Felines, Facebook, Depression and Discrimination at the WRC

Employment cases involving famous employers or large awards are the ones that most often grab the newspaper headlines. Sometime, however, it is the smaller cases that are most interesting. Davis v Phibsboro Cat Rescue, ADJ-00033363, is one such case to have been recently decided by the Workplace Relations Commission (WRC). The case involved the consideration of issues around social media, mental health and employment equality. Our Adrian Twomey highlights the key points to note in the decision.


The Complainant, Ms Davis, commenced employment with Phibsboro Cat Rescue on 16 November 2020 after previously having volunteered for approximately two years. She was paid €1,602 per month. She was dismissed on 2 March 2021; less than four months after commencing employment. She did not have the necessary one year of service to pursue a claim under the Unfair Dismissals Act 1977 but did sue for alleged discriminatory dismissal under the Employment Equality Act 1998 (as amended).


Ms Davis gave evidence that she tested positive for COVID-19 on 5 January 2021 and was out of work sick for some time thereafter. She said that when she wanted to return to work she was told to work in a "storage unit" that was essentially no more than a shed. She objected to doing so but was refused permission to work from home. It appears that the complainant suffered from depression and she informed her employer that her doctors were worried about her mental health.


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The Complainant gave evidence that her employer blocked her on facebook groups and had messaged her via facebook stating that she had refused to work. It certainly appears from the decision that there was interpersonal conflict between the Complainant and her employer.


On 22 February 2021 Ms Davis told her employer that her doctor had signed her off as unfit for work until 11 March of that year. She gave evidence that her employer told her that she was dismissed the very next day although her dismissal appears to have taken effect on 2 March 2021: the date on which she was issued with a dismissal letter. She found another job elsewhere starting in July 2021.


In response, the employer contended that Ms Davis was dismissed because she was not a "suitable fit" for the organisation. It appears that the decision was made by the board of the organisation. The employer argued that Ms Davis had only worked for 44 days before she was dismissed. It submitted that it was entitled to dismiss her during her probation period without following the full range of procedures that might normally be expected.


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The Adjudication Officer found that:


"the complainant had a disability – depression – that falls within the definition of ‘disability’, in particular subsection e), i.e. ‘a condition, illness or disease which affects a person’s thought processes, perception of reality, emotions or judgement or which results in disturbed behaviour.’"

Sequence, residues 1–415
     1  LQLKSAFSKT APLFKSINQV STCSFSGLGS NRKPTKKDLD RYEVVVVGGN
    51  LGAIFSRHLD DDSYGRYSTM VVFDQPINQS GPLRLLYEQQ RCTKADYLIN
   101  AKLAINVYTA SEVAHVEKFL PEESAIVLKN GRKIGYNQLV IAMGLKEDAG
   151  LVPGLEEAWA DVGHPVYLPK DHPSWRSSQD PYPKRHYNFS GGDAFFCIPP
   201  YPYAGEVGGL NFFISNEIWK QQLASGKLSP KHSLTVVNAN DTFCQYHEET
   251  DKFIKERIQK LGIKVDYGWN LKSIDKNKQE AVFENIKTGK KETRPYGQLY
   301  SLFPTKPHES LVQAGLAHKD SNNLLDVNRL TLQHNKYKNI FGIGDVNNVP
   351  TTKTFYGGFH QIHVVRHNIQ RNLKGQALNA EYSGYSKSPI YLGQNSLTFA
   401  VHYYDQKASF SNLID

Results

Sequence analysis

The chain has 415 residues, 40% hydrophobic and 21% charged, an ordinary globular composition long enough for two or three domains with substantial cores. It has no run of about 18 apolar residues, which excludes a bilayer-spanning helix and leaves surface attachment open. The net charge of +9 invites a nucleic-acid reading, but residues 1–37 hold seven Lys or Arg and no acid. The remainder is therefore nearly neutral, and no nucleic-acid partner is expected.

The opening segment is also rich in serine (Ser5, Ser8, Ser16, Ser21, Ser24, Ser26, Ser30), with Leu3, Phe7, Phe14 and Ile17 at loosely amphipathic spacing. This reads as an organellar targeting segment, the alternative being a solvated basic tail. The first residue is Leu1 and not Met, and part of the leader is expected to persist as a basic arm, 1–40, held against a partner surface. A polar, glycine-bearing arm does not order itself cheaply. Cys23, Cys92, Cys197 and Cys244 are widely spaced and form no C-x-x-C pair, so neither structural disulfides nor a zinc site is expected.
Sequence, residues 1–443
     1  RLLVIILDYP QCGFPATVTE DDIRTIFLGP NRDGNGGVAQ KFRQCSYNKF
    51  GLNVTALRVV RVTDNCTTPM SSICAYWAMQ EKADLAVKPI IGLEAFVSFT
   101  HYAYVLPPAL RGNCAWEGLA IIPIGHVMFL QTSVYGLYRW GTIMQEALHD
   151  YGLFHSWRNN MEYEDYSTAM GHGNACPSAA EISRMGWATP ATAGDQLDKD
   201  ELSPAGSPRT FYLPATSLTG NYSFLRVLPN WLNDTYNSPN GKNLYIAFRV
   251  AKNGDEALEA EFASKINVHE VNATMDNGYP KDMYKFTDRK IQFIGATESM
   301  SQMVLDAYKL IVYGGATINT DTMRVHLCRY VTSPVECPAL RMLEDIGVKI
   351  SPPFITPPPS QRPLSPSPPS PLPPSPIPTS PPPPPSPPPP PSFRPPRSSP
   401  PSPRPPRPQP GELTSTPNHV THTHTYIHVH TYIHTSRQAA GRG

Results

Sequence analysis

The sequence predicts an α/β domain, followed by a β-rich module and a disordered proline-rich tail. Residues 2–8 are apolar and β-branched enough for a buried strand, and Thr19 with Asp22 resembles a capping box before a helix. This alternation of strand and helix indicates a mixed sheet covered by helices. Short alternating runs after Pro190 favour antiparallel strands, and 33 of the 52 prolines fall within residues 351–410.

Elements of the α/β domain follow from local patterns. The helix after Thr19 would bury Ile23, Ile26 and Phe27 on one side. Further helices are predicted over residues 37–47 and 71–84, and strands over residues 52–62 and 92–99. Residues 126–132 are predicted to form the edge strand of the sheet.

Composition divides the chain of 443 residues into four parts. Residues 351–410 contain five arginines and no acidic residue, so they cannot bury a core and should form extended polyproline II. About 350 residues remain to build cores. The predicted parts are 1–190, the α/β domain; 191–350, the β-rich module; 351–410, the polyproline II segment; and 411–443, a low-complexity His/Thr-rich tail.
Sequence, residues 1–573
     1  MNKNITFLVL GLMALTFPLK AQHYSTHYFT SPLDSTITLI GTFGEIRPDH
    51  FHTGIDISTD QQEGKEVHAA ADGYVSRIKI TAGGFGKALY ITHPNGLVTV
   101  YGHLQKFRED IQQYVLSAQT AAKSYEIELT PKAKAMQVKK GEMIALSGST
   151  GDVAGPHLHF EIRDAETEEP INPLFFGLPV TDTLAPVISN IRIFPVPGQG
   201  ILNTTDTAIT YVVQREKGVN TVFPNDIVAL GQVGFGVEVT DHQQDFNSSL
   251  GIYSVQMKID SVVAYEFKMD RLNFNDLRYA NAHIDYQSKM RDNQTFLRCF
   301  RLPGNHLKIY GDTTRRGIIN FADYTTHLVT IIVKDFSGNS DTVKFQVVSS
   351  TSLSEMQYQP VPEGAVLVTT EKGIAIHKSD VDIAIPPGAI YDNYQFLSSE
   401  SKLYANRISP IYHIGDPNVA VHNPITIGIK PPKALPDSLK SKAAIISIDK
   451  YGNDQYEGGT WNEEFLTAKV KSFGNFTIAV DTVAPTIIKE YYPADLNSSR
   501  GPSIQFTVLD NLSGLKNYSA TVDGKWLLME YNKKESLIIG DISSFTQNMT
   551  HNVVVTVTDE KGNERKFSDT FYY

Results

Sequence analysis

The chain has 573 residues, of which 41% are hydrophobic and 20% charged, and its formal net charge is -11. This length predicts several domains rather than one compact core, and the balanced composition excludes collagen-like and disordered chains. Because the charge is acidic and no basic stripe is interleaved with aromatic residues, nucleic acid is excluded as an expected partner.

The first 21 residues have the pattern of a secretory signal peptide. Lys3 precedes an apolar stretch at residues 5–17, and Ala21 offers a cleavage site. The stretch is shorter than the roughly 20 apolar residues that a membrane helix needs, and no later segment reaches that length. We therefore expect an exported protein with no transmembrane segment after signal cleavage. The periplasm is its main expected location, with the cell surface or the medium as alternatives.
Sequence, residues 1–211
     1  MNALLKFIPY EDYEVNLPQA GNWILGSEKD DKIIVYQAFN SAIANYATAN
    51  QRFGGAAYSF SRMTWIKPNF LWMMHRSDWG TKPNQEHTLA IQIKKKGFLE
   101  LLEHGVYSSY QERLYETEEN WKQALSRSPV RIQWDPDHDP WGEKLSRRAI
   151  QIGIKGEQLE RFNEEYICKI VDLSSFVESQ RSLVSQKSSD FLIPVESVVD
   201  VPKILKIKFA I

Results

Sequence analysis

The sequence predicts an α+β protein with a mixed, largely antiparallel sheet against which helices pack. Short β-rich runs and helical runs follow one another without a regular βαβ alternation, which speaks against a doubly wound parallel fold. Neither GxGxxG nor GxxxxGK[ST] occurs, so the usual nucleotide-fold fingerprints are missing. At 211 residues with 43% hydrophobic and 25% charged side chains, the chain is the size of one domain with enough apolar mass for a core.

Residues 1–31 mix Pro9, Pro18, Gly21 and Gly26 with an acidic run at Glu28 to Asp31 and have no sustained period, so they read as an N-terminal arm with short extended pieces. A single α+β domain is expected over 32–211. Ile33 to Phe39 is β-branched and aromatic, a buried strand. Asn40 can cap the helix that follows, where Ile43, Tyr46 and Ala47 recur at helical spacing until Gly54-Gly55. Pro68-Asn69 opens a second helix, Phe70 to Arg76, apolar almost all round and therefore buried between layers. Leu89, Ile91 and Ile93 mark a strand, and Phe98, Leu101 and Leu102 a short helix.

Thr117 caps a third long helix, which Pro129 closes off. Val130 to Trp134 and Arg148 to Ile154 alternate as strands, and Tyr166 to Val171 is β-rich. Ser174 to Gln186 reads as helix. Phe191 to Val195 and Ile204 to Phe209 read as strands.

He went on to find that the employer was aware of the complainant's disability as she had discussed it with them and had provided medical certification. He observed that the:


"complainant cited three issues in the complaint of discrimination. The first in time was being prevented from working from home and having to work at the named alternative location. The second is her being blocked on the social media accounts operated by the respondent. The third is the decision to dismiss the complainant on the 2nd March 2021."


Having considered these issues in more detail, the Adjudication Officer went on to find that:


  1. The complainant raised health issues, specifically issues relating to her mental health and her depression.

  2. Following this, she was dismissed.

  3. While there was a difference of opinion regarding whether the alternative location was appropriate, the complainant could have easily worked from home.

  4. The reason why the complainant was dismissed was because of the deteriorating relationship with her manager and that deteriorating relationship "stemmed from how the respondent interacted with the complainant’s disability".

  5. The complainant had clearly stated why she was not able to attend the alternative location but that she was otherwise able to work. She referred to her disability, but also that she could work. Nevertheless, she was dismissed.

The Adjudication Officer concluded that Ms Davis had been the victim of discrimination and discriminatory dismissal based on her disability. He awarded her €8,000: a sum that exceeded what she had earned whilst working for the employer and that also exceeded her loss of income during the period in which she was out of work after her dismissal. Had she been a senior executive earning a six-figure salary, the case would clearly have been worth substantially more.


Employers should note that great care needs to be taken when considering issues relating to employees and their medical conditions. Professional medical and legal advice should normally be sought before making any decisions that might be damaging to such employees. Those who require advice in such circumstances or who need representation before the WRC can contact our Adrian Twomey.


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